A lengthy and consequential policy process in the UK has now come to an end. Despite what could yet turn out to be insurmountable legal and safety hurdles, on February 24 the United Kingdom legalized the use of nuclear genome transfer, otherwise known as “3-person IVF” or “mitochondrial donation,” a suite of techniques that combine genetic material from two eggs or embryos causing inheritable alterations to the human germline.
After several hours of debate, the House of Lords gave overwhelming final approval to pass the regulations that had also been approved following 90 minutes of discussion in the House of Commons February 3. These regulations, which go into effect October 29, will enact a limited exception to the UK’s prohibition of the genetic modification of human gametes or embryos.
The understandable goal of these techniques is to prevent the maternal transmission of certain kinds of rare mitochondrial diseases. However, as CGS pointed out in a statement following the news, using experimental biotechnologies to bring a new person into the world is a very different prospect from using them to help someone alive today. Unlike a gene therapy that only impacts the single consenting individual, manipulations of gametes and embryos create permanent changes to the human germline that are passed on to future generations. This trans-generational experimentation is a dimension of the risk/benefit ratio regulators have never dealt with explicitly before. And it’s a big part of why germline modification is prohibited in over 40 countries and by multiple human rights treaties.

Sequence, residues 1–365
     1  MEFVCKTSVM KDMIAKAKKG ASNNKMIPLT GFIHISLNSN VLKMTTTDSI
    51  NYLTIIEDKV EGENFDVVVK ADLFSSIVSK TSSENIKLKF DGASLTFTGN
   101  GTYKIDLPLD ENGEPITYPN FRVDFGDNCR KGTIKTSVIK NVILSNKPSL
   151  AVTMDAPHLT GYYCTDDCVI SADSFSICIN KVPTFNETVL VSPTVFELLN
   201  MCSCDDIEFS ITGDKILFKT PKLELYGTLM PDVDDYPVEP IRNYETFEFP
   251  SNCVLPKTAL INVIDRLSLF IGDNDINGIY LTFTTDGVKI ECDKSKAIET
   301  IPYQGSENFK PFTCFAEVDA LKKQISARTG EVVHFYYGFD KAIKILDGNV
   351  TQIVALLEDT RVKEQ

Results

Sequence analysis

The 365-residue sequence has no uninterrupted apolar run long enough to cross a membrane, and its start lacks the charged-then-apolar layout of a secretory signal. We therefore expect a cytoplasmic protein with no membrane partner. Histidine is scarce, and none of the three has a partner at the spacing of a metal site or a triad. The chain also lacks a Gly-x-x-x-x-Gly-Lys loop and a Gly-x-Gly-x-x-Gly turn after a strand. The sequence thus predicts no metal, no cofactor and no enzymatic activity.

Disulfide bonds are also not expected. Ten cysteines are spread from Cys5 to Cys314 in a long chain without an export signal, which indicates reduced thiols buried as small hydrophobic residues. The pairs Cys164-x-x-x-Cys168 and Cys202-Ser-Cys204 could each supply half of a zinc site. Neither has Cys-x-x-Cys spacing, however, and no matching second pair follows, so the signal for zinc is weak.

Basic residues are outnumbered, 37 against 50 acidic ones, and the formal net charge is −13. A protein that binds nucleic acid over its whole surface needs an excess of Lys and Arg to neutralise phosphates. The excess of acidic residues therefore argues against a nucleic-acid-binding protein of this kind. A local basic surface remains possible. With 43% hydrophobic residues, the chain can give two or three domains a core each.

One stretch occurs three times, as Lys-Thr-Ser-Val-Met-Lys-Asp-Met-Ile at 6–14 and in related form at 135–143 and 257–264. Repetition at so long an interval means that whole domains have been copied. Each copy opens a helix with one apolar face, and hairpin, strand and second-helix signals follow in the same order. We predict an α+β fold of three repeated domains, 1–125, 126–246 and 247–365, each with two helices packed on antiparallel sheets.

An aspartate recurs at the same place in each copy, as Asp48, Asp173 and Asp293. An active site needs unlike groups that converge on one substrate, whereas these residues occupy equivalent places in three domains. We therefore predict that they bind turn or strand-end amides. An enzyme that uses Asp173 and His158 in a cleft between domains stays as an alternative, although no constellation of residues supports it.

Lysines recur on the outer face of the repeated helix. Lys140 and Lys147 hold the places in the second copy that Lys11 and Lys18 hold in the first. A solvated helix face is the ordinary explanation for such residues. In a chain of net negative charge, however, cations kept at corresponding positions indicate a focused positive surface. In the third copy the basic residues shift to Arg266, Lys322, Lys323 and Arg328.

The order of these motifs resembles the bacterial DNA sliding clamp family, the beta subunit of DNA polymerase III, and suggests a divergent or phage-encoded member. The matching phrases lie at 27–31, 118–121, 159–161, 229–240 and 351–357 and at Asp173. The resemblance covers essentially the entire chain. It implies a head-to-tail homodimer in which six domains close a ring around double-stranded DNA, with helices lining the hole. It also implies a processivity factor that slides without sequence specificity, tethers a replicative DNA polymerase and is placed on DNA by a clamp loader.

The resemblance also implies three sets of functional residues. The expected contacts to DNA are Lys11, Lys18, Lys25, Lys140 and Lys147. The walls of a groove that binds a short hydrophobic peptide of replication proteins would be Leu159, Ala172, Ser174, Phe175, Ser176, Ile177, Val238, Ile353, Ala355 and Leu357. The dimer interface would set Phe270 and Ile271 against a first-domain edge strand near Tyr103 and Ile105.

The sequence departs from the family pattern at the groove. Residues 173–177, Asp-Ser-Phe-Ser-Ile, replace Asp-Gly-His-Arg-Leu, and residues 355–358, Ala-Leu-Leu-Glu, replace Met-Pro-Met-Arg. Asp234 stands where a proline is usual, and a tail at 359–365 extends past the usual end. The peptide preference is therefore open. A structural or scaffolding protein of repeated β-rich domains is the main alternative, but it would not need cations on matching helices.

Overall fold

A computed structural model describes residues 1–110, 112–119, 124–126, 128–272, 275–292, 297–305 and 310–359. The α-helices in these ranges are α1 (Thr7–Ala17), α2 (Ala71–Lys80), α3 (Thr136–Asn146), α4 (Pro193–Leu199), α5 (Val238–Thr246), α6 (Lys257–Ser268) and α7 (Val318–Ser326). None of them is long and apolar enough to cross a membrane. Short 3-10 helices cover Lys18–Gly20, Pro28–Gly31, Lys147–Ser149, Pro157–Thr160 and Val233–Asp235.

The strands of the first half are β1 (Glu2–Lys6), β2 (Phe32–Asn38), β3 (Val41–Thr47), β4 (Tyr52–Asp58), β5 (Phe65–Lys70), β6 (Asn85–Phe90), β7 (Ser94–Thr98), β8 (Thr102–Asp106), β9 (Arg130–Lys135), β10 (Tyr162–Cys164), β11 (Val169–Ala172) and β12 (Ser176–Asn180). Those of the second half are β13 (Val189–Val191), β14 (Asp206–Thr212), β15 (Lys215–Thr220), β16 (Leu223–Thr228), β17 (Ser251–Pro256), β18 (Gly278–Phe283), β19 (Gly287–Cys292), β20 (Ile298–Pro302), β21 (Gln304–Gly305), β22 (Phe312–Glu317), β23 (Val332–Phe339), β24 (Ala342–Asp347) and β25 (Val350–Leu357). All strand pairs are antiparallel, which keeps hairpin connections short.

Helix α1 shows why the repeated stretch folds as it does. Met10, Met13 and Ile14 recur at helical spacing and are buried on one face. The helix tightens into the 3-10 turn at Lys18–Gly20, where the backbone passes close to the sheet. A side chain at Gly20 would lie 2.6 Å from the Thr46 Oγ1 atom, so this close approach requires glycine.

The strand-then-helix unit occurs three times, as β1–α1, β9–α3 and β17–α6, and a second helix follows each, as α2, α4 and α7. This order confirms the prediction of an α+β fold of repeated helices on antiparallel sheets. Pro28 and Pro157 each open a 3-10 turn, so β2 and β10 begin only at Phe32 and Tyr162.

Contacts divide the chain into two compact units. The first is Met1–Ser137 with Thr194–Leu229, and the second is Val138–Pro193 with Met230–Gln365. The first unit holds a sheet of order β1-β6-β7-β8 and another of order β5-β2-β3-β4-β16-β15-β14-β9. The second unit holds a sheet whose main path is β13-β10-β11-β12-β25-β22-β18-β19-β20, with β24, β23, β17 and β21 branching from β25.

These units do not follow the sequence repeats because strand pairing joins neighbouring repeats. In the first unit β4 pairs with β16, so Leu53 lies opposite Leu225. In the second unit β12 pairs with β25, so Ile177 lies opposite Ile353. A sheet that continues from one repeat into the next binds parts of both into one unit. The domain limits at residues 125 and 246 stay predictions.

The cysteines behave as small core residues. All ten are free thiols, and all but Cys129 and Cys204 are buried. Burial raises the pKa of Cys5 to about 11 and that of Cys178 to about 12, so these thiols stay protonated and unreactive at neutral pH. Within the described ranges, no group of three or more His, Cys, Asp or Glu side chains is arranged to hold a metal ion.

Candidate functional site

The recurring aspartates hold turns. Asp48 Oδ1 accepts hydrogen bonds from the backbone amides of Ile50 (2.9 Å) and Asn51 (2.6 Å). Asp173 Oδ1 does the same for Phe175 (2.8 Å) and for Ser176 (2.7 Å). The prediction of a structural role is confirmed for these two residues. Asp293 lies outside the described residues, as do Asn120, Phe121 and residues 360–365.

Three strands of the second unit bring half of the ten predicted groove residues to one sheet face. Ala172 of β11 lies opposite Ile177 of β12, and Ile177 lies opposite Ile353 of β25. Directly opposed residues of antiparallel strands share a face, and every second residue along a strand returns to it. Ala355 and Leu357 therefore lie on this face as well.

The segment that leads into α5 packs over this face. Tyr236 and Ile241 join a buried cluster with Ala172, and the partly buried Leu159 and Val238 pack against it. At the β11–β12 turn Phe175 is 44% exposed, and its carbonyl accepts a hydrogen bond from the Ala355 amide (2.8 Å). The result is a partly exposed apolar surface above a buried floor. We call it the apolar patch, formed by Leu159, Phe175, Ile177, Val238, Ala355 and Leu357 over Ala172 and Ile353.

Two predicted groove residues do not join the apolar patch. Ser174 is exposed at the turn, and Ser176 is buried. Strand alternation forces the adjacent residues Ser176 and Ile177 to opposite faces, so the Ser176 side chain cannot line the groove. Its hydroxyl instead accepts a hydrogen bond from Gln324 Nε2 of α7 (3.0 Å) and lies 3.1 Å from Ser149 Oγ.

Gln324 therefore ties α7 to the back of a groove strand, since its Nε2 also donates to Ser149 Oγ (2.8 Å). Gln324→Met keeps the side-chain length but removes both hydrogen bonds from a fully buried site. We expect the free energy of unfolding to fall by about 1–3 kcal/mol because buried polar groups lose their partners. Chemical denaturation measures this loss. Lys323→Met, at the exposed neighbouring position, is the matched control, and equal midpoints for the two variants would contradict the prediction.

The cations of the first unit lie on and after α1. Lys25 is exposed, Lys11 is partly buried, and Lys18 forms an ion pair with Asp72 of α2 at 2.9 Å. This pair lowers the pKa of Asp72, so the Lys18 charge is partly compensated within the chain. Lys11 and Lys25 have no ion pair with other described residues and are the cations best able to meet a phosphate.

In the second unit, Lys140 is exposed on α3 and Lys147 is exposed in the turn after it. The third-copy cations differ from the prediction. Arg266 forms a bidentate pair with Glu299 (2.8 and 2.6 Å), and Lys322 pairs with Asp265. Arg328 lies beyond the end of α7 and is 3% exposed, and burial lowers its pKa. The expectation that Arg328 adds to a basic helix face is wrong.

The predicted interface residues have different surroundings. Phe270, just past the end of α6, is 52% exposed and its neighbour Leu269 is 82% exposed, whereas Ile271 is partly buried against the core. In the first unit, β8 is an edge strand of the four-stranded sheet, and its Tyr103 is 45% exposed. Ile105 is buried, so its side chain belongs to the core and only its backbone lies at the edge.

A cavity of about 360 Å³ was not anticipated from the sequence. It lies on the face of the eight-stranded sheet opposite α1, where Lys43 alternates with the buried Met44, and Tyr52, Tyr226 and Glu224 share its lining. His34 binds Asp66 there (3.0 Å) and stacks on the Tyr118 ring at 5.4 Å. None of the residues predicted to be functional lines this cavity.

It is not encouraging that this decision was made despite the fact that scientists from around the world warned that the techniques could well cause more problems than they solve, and that an early pioneer of their development, David L.
The views, opinions and positions expressed by these authors and blogs are theirs and do not necessarily represent that of the Bioethics Research Library and Kennedy Institute of Ethics or Georgetown University.